Along with their widespread use on wood surfaces and other hard floors, there has been a rise in units that can also mop due to the inclusion of a removable water tank and washable mopping cloth. The most advanced modern designs feature a 5-stage cleaning system that sweeps, removes dirt, vacuums, and provides both wet and dry mopping. It's also important to compare the power rating of the robot vacuum cleaner based on the Air Watt rating rather than the wattage alone.
Filters and dustbin capacity
Much like a conventional vacuum cleaner, robovacs can also be compared according to their filter and dust re-emission class. The most advanced filtration systems use a high-efficiency particulate air (HEPA) filter to trap 99.97% of fine dust particles down to 0.3 microns in size. While the size of its dustbin capacity will always limit a robot vacuum cleaner, the inclusion of a HEPA filter can help to clean fine pet hair and eliminate allergens that are hanging in the air.
Robot vacuum cleaners mostly come with a bagless dustbin design, the limited size of which is one of the biggest compromises of a robot vacuum compared to a regular vacuum. Look for dustbins larger than 0.6L if you don't want them to fill up after a single clean, with high-end models featuring dustbins up to 1L in size. It's important to note, however, that a larger robovac with a bigger capacity will have more difficulty navigating under your furniture and around your personal belongings.
Accessories and functionality
Other than the control features, cleaning ability, and filter design, there are lots of other specifications that affect the overall performance of a robot vacuum cleaner. For example, it's important to look at the selection of brushes available for different floor surfaces, the size and shape of the unit in relation to your furniture and home, the weight of the vacuum, the ease of cleaning and cleaning tools available, and the materials used in construction.
While most robot vacuum cleaners are made to be extremely quiet, it's also important to check the noise level while in operation. Once you've done your homework, it's important to settle on a budget based on your individual needs, with more expensive robovacs likely to offer longer cleaning times, larger dustbins, lower profiles, and more innovative connectivity and navigation options.
What's the best robot vacuum for you?
Robot vacuum cleaners have become very popular over recent years, with technological advances and lower prices making them increasingly attractive to everyday consumers. Before buying a robot vacuum, there are lots of issues to consider, from the size of your budget through to your flooring materials and the overall area of your home. Technological features also need to be considered, including navigation features, sensors, and connectivity.
Just like upright or handheld vacuum cleaners, the price you pay for an automated vacuum depends greatly on the included feature set and overall construction quality. While robot vacuums are on the cutting edge of domestic appliance design, there's a price you have to pay to get your hands on so much advanced technology. If you don't need all the bells and whistles, you'll be happy to know that the robot vacuum marketplace has expanded over recent years and now includes a number of affordable options.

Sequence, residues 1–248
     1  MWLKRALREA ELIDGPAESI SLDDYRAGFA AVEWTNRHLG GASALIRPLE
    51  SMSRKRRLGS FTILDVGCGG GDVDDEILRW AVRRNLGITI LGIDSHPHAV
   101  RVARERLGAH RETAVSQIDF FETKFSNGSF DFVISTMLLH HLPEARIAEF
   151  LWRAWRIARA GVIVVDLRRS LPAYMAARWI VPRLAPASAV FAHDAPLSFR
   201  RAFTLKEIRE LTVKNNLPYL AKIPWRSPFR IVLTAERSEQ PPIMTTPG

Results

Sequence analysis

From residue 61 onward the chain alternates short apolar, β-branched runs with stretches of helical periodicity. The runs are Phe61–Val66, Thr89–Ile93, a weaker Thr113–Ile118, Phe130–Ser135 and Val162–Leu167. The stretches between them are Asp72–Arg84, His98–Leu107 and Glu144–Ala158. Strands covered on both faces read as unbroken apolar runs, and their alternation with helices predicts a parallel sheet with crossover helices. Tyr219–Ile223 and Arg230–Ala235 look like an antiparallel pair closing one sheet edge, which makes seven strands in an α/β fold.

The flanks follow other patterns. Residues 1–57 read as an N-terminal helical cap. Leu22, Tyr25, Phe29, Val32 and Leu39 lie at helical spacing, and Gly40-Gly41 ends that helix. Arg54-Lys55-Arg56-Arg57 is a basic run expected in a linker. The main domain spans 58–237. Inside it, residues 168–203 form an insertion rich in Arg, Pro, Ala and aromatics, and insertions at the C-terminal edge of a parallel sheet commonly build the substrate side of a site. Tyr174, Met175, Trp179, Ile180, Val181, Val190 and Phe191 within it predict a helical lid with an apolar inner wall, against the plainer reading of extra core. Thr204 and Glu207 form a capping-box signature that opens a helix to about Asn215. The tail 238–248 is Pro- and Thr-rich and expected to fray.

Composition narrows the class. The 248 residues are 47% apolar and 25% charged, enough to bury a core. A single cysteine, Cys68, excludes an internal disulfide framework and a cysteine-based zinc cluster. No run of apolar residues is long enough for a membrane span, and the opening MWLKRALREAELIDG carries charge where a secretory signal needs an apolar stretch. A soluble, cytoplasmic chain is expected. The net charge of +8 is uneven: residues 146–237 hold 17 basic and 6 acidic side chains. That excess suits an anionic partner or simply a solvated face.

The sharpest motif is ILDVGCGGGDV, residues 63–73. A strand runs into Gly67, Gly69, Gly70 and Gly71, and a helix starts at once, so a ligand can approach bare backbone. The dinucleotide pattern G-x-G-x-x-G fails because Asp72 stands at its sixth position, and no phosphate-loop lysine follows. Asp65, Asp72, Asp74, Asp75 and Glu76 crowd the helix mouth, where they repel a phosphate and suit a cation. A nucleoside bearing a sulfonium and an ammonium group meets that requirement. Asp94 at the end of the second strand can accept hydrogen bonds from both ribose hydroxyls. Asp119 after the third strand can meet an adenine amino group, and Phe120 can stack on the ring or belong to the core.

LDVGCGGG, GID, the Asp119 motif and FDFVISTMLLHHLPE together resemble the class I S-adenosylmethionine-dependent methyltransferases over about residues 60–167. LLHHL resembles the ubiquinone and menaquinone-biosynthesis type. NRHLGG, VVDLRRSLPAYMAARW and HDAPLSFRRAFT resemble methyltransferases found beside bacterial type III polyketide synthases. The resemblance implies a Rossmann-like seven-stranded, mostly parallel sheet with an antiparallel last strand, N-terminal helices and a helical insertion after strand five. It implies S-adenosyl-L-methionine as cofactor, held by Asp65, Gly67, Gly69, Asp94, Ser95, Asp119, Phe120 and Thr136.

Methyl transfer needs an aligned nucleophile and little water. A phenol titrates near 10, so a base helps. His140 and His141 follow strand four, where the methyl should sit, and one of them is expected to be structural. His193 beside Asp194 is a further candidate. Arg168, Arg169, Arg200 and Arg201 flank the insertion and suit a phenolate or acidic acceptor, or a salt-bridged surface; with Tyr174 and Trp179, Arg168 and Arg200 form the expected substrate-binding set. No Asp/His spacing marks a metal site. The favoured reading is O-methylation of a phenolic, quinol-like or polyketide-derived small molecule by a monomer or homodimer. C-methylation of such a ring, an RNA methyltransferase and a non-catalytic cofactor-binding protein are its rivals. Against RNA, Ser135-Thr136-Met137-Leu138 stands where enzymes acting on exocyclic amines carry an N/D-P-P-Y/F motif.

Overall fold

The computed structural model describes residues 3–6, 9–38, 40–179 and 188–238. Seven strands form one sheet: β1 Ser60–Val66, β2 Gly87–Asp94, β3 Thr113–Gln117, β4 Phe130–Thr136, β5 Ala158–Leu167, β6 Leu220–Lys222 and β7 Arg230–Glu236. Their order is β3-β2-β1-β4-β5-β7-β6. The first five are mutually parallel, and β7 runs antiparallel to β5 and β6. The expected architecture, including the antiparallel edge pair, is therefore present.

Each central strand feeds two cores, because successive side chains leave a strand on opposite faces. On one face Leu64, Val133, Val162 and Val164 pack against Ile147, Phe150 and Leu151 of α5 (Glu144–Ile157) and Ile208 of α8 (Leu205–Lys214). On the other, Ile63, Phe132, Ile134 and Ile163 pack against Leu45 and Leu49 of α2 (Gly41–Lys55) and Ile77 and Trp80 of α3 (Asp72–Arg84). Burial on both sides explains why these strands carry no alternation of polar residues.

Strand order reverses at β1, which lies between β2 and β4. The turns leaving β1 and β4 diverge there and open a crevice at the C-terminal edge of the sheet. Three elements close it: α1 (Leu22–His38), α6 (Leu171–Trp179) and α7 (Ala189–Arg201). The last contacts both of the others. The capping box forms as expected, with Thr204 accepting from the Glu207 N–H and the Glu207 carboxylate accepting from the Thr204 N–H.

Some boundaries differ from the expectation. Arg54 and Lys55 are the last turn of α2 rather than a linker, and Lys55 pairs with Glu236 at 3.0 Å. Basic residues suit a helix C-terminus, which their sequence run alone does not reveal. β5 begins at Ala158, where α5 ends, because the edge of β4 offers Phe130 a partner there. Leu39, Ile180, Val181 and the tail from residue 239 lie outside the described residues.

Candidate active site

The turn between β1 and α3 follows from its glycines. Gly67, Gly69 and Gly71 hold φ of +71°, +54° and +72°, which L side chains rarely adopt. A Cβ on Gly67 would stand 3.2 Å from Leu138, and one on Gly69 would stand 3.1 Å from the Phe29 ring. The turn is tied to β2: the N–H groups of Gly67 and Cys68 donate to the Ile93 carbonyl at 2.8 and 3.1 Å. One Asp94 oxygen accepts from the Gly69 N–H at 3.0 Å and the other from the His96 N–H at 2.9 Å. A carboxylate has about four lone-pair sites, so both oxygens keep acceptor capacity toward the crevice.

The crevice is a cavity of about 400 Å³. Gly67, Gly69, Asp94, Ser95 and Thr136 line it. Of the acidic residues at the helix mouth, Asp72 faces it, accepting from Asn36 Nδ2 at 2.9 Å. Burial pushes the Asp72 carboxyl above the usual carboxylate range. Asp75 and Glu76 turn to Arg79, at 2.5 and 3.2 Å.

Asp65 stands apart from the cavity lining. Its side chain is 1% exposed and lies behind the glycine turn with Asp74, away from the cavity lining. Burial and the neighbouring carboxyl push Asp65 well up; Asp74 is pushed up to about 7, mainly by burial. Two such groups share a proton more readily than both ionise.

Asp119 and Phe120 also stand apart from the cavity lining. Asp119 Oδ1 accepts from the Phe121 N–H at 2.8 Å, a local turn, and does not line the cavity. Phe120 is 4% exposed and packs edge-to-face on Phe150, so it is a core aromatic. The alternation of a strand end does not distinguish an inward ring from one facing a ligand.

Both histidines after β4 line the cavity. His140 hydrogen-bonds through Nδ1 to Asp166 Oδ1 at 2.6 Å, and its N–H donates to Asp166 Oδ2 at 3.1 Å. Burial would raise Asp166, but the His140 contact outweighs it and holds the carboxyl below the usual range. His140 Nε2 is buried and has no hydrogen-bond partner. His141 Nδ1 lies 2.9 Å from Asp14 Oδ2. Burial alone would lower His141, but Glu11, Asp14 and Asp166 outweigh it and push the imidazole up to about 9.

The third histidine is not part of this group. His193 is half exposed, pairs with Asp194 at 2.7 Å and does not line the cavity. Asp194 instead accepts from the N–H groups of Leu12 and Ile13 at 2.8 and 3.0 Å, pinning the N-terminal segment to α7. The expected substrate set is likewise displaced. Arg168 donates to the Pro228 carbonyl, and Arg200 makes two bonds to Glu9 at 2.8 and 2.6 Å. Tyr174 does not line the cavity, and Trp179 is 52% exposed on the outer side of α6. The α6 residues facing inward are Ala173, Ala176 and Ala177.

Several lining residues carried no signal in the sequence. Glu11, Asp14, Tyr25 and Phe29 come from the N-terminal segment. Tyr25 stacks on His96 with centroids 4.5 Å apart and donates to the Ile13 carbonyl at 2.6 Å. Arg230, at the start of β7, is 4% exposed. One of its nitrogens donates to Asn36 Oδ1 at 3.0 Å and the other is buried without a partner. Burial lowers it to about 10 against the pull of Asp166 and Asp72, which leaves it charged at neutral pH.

While some brands are known to produce innovative and forward-thinking designs, not everyone needs WiFi connectivity and other advanced features. Before deciding on the perfect robot vacuum for your home, it's important to decide which features you really need. While you probably don't want to compromise on things like filters and carpet cleaning performance, you may not require smartphone control or multiple navigation modes.
Are robot vacuums worth it?
Whether or not a robot vacuum cleaner is worth the asking price depends on your cleaning needs and overall expectations. While some people find them to be an invaluable tool, for others they may be a complete waste of time. The size of your home is a primary consideration, as is your furniture, the floor surface, and the existence of pets. Robotic vacuum cleaners are available in a range of prices, with expensive models offering greater battery life and more onboard technology.
It's also important to note, that for many people, a robot vacuum cleaner is a way to compliment an existing upright or barrel vacuum. Much like a stick or handheld vacuum, these amazing products are a fantastic way to clean part of your home on a regular basis in between more extensive cleans. The one thing these vacuums can do that nothing else can is automated cleaning, which makes these tools very desirable for anyone who wants to clean the house while they're not at home.
How big is your home?
The size of your home is a chief consideration when buying a robot vacuum, with models differing considerably in terms of their battery size and operating time limits. Robotic vacuum cleaners are not really designed to clean large five-bedroom houses or suburban mansions, with apartments and townhouses their natural domain.
While some models can accommodate medium-sized homes, even then, you may need to schedule the vacuum to clean one or two rooms at a time. Perhaps more than anything else, it's important to check the battery time and charging time to see if a robot vacuum is a realistic option for your home.
How cluttered is your home?
It's not just the size of your home that needs to be considered, but also how messy or cluttered it is. While most robot vacuums have the ability to detect furniture and personal belongings with sensors, some are much better than others at navigating in and around your stuff. If you really want a vacuum that will go anywhere, it's important to think about its height, edge cleaning ability, and navigation modes. How much room do you have underneath your sofa? Do you want a dedicated edge cleaning brush? Are you happy with random cleaning or do you want to specify areas in detail?
Carpets vs hardwood